Resistance Bands for Kick Training: Unintended Comedy
Someone has asked me what I think about using resistance bands in kick training, specifically Myosource Kinetic Bands. (You can see a martial arts class using these bands in the video below.)
Here is my answer:
With good technique, they could help. The TKD master in the video is an abysmally poor instructor, so for people in his class, those things may even be harmful.
For adding resistance to a technique to make sense, the form and timing of the technique have to be well learned, otherwise both will be ruined and a bad habit will be ingrained. You can see this ruining of side and roundhouse kicks by a too early application of resistance in the martial arts class shown in the video.
The type of resistance is the next consideration (but no additional resistance helps until technique is learned). Each type of resistance has its pluses and minuses. Elastic resistance slows down movements at the end of their path when their velocity should be increasing. Weights offer the most resistance at the beginning of the move, but then their inertia can overextend the move. Application of the right type and amount of resistance depends on the weak points of the athlete in a given technique. For some that will mean applying resistance only at the beginning phase of a technique, for others at the end phase. Some techniques must be broken into parts that can be safely done against resistance.
The bottom line: If a resistance distorts the correct technique, then it should not be applied or should be applied differently, or a different resistance should be applied. The way to find out is to try, observe, and adjust.
And here are reasons why this TKD master is a poor instructor:
— An instructor worthy of this title doesn’t turn his back on the class, especially a class of children. The first reason has to do with discipline and class control: You don’t turn your back on the class because people, especially children, can do the craziest things when you are not watching. This is taught to all real instructors. The second reason is not taught to people mentally fit to be instructors because it is too obvious: When you are demonstrating something, you have to face the class so students can see what you are doing, and you can see how they are doing it. Further, trained instructors demonstrate all moves as if a mirror image of students facing them. So, when a real instructor shows a move that is to be done with a right limb, the instructor does it with a left limb, so students facing the instructor don’t have to flip the image in their minds. That helps the students concentrate on the essential points of the movement and speeds up learning. With well motivated and focused students, an instructor can get away with such “backward” demonstrating as this TKD master—as witnessed in good-to-excellent results of individual instruction in Dancing with the Stars, for example—but as a rule, in large-group settings it wastes students’ time.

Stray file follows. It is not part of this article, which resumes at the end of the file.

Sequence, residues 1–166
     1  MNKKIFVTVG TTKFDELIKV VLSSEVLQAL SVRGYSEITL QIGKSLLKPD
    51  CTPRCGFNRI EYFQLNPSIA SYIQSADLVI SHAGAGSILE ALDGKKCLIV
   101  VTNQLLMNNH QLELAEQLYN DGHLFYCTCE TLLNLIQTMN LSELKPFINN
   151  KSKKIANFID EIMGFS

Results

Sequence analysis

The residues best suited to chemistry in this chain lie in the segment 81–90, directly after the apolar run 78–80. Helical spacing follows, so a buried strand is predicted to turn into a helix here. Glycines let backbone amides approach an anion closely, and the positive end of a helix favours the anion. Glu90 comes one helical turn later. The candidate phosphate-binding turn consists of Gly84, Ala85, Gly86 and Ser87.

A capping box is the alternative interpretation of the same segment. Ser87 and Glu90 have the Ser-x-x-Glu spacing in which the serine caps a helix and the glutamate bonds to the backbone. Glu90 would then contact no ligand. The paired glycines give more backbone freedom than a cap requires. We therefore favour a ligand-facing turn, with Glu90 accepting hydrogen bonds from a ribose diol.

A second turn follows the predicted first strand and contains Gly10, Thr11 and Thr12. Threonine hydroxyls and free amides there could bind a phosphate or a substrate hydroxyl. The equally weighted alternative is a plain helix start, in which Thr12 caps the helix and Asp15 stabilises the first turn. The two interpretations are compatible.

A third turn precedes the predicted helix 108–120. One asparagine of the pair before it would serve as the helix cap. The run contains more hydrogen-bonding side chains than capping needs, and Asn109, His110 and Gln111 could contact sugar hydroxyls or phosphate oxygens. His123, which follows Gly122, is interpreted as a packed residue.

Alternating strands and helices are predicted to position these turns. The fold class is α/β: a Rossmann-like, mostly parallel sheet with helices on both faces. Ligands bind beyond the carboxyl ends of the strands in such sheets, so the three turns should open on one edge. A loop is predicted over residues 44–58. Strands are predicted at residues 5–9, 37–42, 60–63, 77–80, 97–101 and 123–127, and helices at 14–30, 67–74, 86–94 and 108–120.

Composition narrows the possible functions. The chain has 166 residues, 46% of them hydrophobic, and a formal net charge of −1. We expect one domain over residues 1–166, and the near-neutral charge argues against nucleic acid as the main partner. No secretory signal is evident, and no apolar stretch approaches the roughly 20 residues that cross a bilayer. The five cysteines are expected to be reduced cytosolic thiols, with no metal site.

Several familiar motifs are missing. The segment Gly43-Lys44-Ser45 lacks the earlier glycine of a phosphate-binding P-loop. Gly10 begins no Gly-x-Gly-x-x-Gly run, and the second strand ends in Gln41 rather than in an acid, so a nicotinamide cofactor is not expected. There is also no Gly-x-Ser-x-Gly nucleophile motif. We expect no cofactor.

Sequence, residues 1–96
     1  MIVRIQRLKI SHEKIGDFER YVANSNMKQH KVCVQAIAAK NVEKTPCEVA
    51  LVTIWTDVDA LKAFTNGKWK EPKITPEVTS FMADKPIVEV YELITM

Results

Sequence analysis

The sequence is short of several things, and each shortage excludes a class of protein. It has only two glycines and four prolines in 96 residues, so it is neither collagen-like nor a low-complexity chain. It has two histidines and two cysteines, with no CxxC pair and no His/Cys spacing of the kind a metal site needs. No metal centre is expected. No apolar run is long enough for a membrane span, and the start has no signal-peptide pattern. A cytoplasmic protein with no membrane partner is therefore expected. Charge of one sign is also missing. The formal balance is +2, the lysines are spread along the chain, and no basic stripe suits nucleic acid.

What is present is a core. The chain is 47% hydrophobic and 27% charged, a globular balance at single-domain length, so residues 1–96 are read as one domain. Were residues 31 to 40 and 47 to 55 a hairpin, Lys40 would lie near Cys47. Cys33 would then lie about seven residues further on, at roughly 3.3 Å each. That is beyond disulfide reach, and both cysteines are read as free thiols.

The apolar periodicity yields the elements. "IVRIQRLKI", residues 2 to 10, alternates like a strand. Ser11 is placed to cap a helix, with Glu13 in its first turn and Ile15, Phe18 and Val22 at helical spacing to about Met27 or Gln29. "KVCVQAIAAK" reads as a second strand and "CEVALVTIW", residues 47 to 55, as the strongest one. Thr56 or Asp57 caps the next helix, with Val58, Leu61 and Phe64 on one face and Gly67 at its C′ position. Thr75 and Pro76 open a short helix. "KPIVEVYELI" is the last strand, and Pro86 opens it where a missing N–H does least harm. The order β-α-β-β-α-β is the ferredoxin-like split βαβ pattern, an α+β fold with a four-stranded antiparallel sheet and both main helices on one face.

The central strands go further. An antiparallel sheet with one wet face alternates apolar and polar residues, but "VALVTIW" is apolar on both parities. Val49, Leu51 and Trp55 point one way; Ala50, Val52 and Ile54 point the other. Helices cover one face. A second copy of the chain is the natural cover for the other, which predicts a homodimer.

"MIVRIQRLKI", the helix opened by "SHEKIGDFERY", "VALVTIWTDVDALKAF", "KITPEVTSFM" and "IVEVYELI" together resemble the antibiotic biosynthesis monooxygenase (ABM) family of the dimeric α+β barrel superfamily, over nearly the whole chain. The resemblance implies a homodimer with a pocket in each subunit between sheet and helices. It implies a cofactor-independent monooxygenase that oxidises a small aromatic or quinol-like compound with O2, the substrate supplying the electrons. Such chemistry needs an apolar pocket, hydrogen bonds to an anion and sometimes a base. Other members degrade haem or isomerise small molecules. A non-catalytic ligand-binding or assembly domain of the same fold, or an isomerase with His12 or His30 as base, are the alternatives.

— The class mixes grown-ups and children. That is a sign of incompetence or desperation. In such a setting, group instruction short-changes both young and old. Readers of Children and Sports Training realize that.
— The instructor has students with poor or even no technique (a testimony to his teaching skill) practice moves they don’t know with added resistance. More need not be said….
Such sights are common in martial arts, especially those imported from the Far East. Their exotic origin and language give them an air of mystery, set a rigid hierarchy, and so help obscure incompetence of the “instructors,” grand and utmost masters, and gurus. There are individuals desperate to be in charge, to be authorities, no matter how ignorant they are of the subject. Many of those martial arts organizations give them that opportunity if they are a tad fitter and persistent than the rest of their peers. And there are plenty of gullible people among their peers to keep those masters in business.
Filed under: Sports Technique, Strength Training for Sports and Martial Arts, Teaching Movement Skills for Sports and Martial Arts | 5 Comments
Tags: American Taekwondo Association, ATA, athlete, Chief Master Steve Westbrook, Children and Sports Training, comedy, elastic resistance, instructor, kick, kicking, martial arts, martial arts class, Myosource Kinetic Bands, resistance bands, Songahm Taekwondo Federations, sports training, STU, taekwondo, technique, Thomas Kurz, TKD master, World Traditional Taekwondo Union, WTTU